September 5, 2011
Posted by on
A new startup that launched in mid August called CodeAcademy. It is the brainchild of Ryan Bubinski and Zach Sims. Ryan is a recent Columbia University graduate, and Zach has just completed his junior year at Columbia. What they have done is tried to make coding fun by adding gamification achievements to the learning.
Via an interactive interface, users can simply start participating in free simple online lessons on Codecademy — without any need to sign up or log in. If you do sign up for an account then the social elements of the site comes in to play
As you work your way through, the account page marks your progress through the exercises and what badges have been awarded. These badge awards can then be tweeted out or posted on Facebook so you can share your achievements with your friends.
In a recent interview with Wired Uk the pair explained how they came up with the user-friendly site by realising the the best learning experiences they had involved motivation and reward systems. “The problem with learning things from books and videos is that you’re just reading or watching them by yourself, and there’s no reward when you’ve finished.”
June 28, 2011
Posted by on
A lot of news this week centers around security issues.. We will start with it, and end with it… We started the week with two biggish issues from Dropbox and WordPress; On the Monday it was reported that a programmer’s error in a code update at Dropbox caused a temporary security breach that allowed any password to be used to access any user account. This was followed in the Tuesday with a release from WordPress when it announced it was forcing users to reset their passwords at WordPress.org after several popular plugins were compromised by hackers.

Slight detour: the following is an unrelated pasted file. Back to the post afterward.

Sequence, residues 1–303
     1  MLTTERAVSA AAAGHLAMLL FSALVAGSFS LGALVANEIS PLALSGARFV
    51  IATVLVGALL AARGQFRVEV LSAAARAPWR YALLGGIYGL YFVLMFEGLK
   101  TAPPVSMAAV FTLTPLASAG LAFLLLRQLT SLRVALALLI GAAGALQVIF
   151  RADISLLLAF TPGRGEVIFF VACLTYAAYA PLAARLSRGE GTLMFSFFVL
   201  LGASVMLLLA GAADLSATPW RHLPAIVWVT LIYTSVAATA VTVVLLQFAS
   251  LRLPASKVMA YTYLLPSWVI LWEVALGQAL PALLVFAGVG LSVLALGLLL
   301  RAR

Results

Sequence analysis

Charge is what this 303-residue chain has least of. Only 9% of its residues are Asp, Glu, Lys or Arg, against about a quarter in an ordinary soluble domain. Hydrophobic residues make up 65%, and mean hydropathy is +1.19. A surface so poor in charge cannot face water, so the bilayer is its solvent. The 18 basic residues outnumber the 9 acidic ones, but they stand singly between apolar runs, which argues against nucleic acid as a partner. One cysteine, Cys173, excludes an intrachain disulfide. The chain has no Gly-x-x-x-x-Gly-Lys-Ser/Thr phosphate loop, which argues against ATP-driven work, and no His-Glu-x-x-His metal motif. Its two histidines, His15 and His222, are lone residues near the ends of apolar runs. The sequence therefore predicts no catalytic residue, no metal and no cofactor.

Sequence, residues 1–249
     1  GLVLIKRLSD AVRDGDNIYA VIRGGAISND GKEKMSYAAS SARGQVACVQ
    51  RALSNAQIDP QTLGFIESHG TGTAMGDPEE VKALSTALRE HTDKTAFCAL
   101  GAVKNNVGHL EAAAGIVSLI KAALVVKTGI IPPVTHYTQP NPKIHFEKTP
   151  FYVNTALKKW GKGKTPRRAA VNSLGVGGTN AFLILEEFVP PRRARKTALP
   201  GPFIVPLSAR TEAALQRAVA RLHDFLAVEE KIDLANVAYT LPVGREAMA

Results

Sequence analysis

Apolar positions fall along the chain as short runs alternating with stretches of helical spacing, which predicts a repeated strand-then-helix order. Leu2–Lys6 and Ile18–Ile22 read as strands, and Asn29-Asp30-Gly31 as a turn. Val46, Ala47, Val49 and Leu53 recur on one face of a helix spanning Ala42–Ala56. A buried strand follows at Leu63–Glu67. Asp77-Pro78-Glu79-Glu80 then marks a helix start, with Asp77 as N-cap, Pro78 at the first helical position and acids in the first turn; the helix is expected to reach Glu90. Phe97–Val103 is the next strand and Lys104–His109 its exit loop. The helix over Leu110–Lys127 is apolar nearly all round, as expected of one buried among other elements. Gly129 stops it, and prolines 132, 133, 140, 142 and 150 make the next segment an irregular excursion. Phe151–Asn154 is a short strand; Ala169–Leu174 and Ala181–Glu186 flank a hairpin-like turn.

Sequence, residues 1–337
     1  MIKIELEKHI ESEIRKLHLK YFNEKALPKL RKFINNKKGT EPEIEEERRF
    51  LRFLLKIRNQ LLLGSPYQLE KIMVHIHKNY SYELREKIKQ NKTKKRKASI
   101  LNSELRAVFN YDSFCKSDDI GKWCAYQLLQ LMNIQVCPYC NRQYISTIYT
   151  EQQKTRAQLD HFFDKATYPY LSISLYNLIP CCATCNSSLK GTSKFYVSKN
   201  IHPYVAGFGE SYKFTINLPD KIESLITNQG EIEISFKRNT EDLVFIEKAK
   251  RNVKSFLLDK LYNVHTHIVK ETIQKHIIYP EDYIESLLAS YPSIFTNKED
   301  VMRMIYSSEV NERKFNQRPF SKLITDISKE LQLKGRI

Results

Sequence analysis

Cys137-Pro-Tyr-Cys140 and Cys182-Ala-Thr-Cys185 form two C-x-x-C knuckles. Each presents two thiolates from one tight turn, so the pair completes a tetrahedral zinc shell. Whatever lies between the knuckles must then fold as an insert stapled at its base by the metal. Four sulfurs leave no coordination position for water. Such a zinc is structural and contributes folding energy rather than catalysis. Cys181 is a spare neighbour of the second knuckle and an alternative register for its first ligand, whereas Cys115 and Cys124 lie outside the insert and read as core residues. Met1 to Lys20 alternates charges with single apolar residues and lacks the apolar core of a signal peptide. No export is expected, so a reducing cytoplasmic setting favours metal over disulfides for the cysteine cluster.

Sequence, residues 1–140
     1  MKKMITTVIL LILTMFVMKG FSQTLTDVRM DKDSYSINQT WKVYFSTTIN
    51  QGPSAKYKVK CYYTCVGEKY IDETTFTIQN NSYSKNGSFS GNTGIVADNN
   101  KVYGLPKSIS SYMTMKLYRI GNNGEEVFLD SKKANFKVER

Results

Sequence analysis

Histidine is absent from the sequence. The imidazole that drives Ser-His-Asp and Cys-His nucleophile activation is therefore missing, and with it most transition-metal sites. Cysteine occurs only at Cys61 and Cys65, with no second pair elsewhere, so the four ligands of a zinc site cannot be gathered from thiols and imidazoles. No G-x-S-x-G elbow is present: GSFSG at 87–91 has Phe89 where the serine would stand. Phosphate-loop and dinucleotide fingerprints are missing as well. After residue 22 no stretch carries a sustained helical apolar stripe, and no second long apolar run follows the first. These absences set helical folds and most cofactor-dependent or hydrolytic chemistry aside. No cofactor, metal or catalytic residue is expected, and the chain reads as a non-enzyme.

In Adobe news, to try and get beyond critics comments on their reliance on Flash and the Desktop, released one new product and put out on Preview another; At the beginning of the week they announced that Flash Builder 4.5.1 was ready for release and would allow IOS and Playbook development on top of the already existing Android platform. They then ended the week by announcing the preview of Edge – an HTML5 animation design tool.
On the Wednesday I started hearing on Twitter about an [at that point] unverified story from Cory Doctorow on Boing Boing which was suggesting that the UK Copyright lobby was in closed talks with the British Government on national web censorship… If you are a Net Neutrality follower, it’s worth reading including the BBC followup.
As we head towards Microsoft Office365 cloud offering coming out of Beta, I am sure that they could be doing without BPOS (Business Productivity Online Suite), the suite that 365 will replace, experiencing further outages which was reported midweek last week.
After last weeks release of the Kinect Windows SDK, i picked up some a couple of URLS’s one pointing to a Kinect Hacks site for inspiration on what you can do with it and the other was a series of videos from the Microsoft developers event the previous week.
Gamification is a hot topic at the moment. So what is it and how can it be used in real world situations?